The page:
Maddie Bowman reviews one of Gloucester Road’s best-loved locals…
Located in what used to be The Prom on Bristol’s Gloucester Road – one of the only British high streets not yet fully conquered by corporate chain stores – The Gallimaufry, or The Galli, as it’s known by those who know and love it, plays an important role in maintaining the unique colour and vibrancy of this largely independent shopping destination. Providing quality food, drink and free live music performances for local residents and visitors alike, it is one of the best-loved venues in the area, and one which I find myself drawn to time and again.
Without losing its identity (as sometimes happens when a venue tries to be more than one thing at a time), The Gallimaufry exists as a successful bar and restaurant, a popular live music venue, and a space where fledgling artists can display and sell their work. On arrival, it’s impossible to ignore the seemingly effortless beauty of the interior, which is strewn with up-cycled furniture, curious artworks and all manner of fascinating trinkets. All this, combined with soft lighting and an excellent choice of thoughtful and eclectic music, works to create a playful wonderland setting with a pensive yet convivial atmosphere.
Sitting in the candlelit restaurant upstairs, we enjoy a glass of Prosecco with an appetiser of complementary bread before our first courses arrive at the table. My Chew Valley trout, our waiter tells me as he sets it down, was caught and delivered by hand that morning, a detail proven undoubtedly true by the way it tastes. The flesh is firm with a distinctly clean and subtly earthy flavour, and the skin is beautifully crispy and buttery. The accompanying new potatoes are fluffy and light, although perhaps lacking a sprinkling of salt. No matter though, because a slathering of caper and almond butter sauce delivers enough tangy loveliness to compensate. To accompany my main, I choose a glass of New Zealand sauvignon blanc, which is refreshing and subtly sweet in flavour, with a hint of citrus to cleanse the palate.
As we eagerly anticipate the arrival of dessert, we are struck by the sound of people gathering downstairs, and the gentle strumming of an acoustic guitar as folk singer/songwriter, Roo Panes, takes to the stage. A somewhat unexpected and very welcome treat, it is occurrences like this that make dining at The Galli such an enchanting and memorable experience. A slice of light and zesty lemon tart served with a drizzle of sweet berry compote makes a fitting end to a well-crafted meal, and is perfectly complemented by a scoop of velvety smooth blueberry sorbet, the deep purple colour and rich berry flavour of which remains a point of discussion for some time.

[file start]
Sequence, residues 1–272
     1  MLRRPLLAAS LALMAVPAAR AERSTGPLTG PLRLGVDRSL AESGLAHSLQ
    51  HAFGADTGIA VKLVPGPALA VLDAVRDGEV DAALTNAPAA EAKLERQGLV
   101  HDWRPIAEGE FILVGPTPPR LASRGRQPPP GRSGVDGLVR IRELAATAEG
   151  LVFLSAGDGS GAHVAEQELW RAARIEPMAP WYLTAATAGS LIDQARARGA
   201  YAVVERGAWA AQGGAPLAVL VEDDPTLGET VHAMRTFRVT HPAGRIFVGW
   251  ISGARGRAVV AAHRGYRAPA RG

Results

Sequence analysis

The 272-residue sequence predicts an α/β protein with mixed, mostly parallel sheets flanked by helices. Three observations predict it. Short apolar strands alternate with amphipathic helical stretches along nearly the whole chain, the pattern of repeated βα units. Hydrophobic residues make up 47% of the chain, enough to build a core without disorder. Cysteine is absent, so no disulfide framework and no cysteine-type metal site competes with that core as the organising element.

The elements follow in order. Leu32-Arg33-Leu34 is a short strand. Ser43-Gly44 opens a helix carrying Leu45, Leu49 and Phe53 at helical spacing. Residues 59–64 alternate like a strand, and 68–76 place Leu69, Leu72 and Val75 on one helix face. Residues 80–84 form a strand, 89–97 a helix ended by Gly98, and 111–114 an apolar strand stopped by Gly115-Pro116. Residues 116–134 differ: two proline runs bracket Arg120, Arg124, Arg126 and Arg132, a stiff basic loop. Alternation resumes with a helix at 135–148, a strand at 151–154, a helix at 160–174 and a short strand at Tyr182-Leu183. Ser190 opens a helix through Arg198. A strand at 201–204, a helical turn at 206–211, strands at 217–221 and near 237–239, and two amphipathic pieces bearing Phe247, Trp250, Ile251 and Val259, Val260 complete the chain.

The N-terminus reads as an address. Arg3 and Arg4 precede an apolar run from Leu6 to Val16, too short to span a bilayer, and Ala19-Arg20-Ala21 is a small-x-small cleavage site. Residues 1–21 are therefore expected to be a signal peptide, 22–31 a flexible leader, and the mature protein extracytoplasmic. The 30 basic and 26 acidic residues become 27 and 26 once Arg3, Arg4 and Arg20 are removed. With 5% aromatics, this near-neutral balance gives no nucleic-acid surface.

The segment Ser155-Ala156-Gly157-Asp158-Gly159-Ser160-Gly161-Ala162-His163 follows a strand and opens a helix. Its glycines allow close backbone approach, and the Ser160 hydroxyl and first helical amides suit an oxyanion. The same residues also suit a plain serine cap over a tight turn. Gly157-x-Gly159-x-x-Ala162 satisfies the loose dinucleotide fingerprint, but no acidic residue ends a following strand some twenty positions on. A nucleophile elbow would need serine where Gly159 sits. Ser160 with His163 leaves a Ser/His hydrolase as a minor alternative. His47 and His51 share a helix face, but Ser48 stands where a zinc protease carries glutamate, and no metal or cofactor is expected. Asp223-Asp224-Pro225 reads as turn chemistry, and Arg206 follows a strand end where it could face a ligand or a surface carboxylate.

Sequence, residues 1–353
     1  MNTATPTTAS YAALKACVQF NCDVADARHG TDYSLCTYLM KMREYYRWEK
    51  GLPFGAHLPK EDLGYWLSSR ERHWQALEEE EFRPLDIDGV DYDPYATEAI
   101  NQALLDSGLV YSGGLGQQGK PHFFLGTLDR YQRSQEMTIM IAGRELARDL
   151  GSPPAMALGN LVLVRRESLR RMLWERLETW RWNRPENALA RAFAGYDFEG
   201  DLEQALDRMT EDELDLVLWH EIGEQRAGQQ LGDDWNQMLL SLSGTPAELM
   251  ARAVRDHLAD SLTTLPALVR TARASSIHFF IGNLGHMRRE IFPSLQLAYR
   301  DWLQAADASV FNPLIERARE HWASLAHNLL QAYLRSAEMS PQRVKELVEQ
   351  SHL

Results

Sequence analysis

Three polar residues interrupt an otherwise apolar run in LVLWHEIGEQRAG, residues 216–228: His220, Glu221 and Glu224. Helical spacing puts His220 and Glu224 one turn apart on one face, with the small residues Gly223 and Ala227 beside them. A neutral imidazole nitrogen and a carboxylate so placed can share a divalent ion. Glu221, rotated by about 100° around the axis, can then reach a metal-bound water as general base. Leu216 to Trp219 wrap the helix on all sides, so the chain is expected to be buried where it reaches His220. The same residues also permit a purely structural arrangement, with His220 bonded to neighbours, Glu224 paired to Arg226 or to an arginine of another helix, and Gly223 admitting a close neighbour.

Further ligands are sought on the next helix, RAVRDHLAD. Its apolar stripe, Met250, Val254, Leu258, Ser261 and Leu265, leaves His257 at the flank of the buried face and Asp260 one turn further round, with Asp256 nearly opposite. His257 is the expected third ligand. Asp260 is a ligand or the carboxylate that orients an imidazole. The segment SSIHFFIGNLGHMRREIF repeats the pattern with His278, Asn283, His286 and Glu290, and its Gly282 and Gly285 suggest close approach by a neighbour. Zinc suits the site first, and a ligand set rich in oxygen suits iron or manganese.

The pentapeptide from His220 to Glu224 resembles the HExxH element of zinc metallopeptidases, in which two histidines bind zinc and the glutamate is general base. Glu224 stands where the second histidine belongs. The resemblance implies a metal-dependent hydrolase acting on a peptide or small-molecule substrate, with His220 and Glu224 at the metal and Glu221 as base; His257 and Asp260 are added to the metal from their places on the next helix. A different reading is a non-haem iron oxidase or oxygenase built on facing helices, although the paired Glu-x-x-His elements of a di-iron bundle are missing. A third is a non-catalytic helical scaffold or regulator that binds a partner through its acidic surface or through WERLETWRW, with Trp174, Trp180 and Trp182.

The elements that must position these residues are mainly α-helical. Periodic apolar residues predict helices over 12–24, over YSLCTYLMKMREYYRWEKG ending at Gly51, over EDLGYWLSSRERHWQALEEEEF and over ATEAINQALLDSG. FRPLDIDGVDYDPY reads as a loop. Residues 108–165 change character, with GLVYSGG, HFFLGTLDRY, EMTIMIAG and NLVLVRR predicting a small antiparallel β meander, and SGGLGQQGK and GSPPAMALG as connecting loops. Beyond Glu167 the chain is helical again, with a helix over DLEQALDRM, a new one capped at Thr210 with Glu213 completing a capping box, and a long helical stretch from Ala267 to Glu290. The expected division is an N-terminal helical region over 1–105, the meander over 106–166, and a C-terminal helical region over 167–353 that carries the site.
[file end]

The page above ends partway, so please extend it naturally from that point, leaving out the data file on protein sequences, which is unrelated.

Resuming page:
While the tempting brunch and dinner menus are certainly worth visiting for alone, the deceptively modest Gallimouthfuls menu is not to be overlooked. On it you’ll find a choice of gourmet bar snacks, including the popular Toulouse sausage, pork belly and butterbean stew served with crusty homemade bread — a delicious house speciality more than worthy of its special designation. A choice of freshly prepared lunches and hearty roast dinners are offered on the Sunday menu, and a selection of ciders, local ales and international craft beers are available at the well-stocked bar, alongside a thoughtful wine list. Another reason to love this place is the reasonable prices. Our meal came to just £27.50 per head including drinks and service, the latter of which we were more than happy to generously reward.
Presenting a marvelous amalgamation of playful perceptions, childhood wonderment and magical imaginings, The Gallimaufry is a venue that truly lives up to the connotations of its name, and one that I’m eternally proud to call my local.